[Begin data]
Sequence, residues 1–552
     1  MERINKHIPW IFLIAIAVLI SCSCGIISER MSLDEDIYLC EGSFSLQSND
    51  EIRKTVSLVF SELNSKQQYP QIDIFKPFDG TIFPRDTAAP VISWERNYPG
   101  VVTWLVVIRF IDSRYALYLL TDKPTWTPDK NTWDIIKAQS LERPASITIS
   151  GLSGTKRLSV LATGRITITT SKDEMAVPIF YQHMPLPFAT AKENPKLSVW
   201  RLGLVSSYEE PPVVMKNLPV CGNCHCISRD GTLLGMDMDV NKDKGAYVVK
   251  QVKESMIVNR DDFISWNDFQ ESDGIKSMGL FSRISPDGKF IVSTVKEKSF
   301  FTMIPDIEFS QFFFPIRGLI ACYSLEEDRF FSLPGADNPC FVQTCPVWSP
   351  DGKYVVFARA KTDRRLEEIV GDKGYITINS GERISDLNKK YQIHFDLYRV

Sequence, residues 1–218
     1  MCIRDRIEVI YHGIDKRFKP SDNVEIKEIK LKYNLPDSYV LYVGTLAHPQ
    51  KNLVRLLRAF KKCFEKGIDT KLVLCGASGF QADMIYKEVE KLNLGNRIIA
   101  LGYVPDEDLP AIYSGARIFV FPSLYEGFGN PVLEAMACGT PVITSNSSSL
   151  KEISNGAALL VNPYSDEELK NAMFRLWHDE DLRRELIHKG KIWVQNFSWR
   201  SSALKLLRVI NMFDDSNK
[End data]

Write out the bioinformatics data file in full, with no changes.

Sequence, residues 1–552
     1  MERINKHIPW IFLIAIAVLI SCSCGIISER MSLDEDIYLC EGSFSLQSND
    51  EIRKTVSLVF SELNSKQQYP QIDIFKPFDG TIFPRDTAAP VISWERNYPG
   101  VVTWLVVIRF IDSRYALYLL TDKPTWTPDK NTWDIIKAQS LERPASITIS
   151  GLSGTKRLSV LATGRITITT SKDEMAVPIF YQHMPLPFAT AKENPKLSVW
   201  RLGLVSSYEE PPVVMKNLPV CGNCHCISRD GTLLGMDMDV NKDKGAYVVK
   251  QVKESMIVNR DDFISWNDFQ ESDGIKSMGL FSRISPDGKF IVSTVKEKSF
   301  FTMIPDIEFS QFFFPIRGLI ACYSLEEDRF FSLPGADNPC FVQTCPVWSP
   351  DGKYVVFARA KTDRRLEEIV GDKGYITINS GERISDLNKK YQIHFDLYRV

Sequence, residues 1–218
     1  MCIRDRIEVI YHGIDKRFKP SDNVEIKEIK LKYNLPDSYV LYVGTLAHPQ
    51  KNLVRLLRAF KKCFEKGIDT KLVLCGASGF QADMIYKEVE KLNLGNRIIA
   101  LGYVPDEDLP AIYSGARIFV FPSLYEGFGN PVLEAMACGT PVITSNSSSL
   151  KEISNGAALL VNPYSDEELK NAMFRLWHDE DLRRELIHKG KIWVQNFSWR
   201  SSALKLLRVI NMFDDSNK